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“The watch industry is about to enter one of its greatest...
Point of View

“The watch industry is about to enter one of its greatest challenges” (2/2)

Thursday, 17 November 2011
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Fabrice Eschmann
Freelance journalist

“Don't believe all the quotes you read online!”

“In life as in watchmaking, it takes many encounters to make a story.”

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6 min read

At 44, Antonio Calce has taken a stake in the capital of Montres Corum Sàrl which has been under his stewardship since 2007. This is a strong signal for the markets as the Swiss watch sector prepares to face important industrial challenges. The young CEO talks about why he decided to become a shareholder, and gives his expert view of where the branch is heading. (Part 2)

Corum has acquired Les Artisans horlogers, a movement developer in Le Locle. Is this another step towards vertical integration?

Antonio Calce: We didn’t take over the bankruptcy assets. We hired the founder, Laurent Besse, and bought a number of files, plans and tools that concerned us as the starting point for our own development studio. This opportunity arose for us to take a giant step forward, and move ahead with vertical integration faster than planned.

What will the next stage be?

Six months ago, I had a five-year plan that I thought was watertight. Now Swatch Group’s decision to focus production on its own brands, a decision I respect, means we must review our choices. Everything happens so fast! By ending deliveries of regulating mechanisms, Swatch Group is forcing us to add another string to our bow.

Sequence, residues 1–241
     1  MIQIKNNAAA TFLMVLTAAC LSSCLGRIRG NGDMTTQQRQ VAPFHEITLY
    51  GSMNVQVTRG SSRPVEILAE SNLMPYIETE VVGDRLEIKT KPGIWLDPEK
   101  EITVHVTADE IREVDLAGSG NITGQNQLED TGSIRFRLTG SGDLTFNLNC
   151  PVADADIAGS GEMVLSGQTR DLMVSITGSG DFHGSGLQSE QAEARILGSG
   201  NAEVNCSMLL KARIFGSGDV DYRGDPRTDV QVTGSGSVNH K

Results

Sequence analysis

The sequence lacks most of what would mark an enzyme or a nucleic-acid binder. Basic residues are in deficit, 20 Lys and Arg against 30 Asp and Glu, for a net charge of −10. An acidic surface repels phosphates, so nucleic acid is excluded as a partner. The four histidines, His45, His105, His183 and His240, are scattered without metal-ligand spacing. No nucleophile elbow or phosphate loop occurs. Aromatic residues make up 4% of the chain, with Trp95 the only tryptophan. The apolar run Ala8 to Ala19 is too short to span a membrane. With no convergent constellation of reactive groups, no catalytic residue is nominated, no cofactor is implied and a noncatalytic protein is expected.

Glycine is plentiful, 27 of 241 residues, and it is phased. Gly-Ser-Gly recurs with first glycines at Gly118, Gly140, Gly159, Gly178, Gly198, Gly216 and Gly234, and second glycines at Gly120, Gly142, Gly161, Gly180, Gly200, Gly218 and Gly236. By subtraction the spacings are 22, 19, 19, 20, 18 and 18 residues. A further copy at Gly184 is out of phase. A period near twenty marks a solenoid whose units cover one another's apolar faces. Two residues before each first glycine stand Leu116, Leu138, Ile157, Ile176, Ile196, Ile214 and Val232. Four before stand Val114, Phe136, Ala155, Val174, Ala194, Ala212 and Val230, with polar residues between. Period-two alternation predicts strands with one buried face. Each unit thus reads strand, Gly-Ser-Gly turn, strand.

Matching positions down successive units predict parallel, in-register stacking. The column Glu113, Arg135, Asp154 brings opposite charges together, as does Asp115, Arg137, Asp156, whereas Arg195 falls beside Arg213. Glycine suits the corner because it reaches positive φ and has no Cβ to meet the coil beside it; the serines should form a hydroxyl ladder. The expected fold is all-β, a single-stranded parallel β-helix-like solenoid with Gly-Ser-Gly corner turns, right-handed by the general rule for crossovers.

Was it a mistake not to have thought about this earlier?

Absolutely, although if we consider the situation in the market in the 1990s, nobody apart from Swatch Group had integrated production. Richemont was barely in its infancy, Cartier only did quartz… Very few people realised the importance of what is now a priority. Just ten years ago, watchmakers were playing Lego! It’s amazing how fast the situation has changed. I think we warrant some indulgence; we’re facing up to a challenge that takes more than money.

Do Swatch Group supplies concern all your products?

No. One of our flagship collections, Corum Bridges, isn’t exposed at all.

What's the next stage in Corum's development?

We will have to forge alliances and develop common solutions that will show horological patriotism. Ideas for European supplies are in the pipeline. We’ll also be taking on new staff to glue balance springs and make balance wheels. The aim isn’t to manufacture balance springs but to bring the regulating mechanism, the entire movement in fact, under our control.

What exactly would these alliances entail?

There are companies making balance springs in Germany. This would involve adapting structures to take delivery of parts, inspect them, etc.

Does "alliance" mean taking a stake in suppliers' capital?

Yes, but not always. It can also mean placing joint orders or setting up joint resources.

The hunting season is open!